The University of Westminster has been awarded a £507,000 grant from the UK Energy Research Centre (UKERC) to support a two-year research project into smart grids.
Smart grids promise to add greater flexibility in electricity supply, support the increasing levels of of renewable energy being added to the national grid, and deliver more accurate metering and billing to consumers and businesses, the university said.
Dr Nazmiye Ozkan, senior research fellow at the University of Westminster's policy studies institute, said: “The research framework will provide key strategic insights which will help steer the development and implementation of smart grids, and help understand and manage the relevant risks and barriers."
Professor Jim Skea OBE, research director of the UKERC, said: “Smart grids promise to transform the way that all users of electricity systems - producers and consumers - interact with each other.
"However, there is no shared vision as to where the smart grid concept might take us. This project will make an important contribution in terms of exploring the possibilities.”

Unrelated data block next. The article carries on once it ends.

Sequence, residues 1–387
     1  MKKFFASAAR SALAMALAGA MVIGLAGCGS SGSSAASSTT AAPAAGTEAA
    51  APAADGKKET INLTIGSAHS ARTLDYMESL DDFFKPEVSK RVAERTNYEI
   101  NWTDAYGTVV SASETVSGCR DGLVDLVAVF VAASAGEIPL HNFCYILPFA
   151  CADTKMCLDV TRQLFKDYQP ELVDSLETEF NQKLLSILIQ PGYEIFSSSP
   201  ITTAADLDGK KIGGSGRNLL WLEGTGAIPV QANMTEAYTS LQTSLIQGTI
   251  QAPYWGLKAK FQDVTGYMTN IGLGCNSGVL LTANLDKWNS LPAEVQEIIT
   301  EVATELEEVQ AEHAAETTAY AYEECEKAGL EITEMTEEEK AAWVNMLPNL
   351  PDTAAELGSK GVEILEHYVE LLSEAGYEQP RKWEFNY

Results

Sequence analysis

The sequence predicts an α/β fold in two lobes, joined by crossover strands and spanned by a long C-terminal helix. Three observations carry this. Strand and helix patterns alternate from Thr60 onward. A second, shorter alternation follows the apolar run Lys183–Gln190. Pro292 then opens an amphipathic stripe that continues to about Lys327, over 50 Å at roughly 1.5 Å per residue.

The necessary vision is perhaps becoming increasingly important as the government recently announced tenders to spend almost £5 billion on three wide area networks to link smart meters in 30 million UK homes and businesses, and accompanying data services as part of the government outlay.
Such a large layout of cash on smart grids and smart meters may prove controversial. In June, the National Audit Office said the roll-out could cost a total of £11.3 billion. The NAO said there were “major risks” to value for money, as there was “uncertainty” about “the extent to which smart meters will result in changed energy use by consumers over a sustained period”. The government had also not yet developed a benefits realisation plan, said the NAO.
Photo: National Grid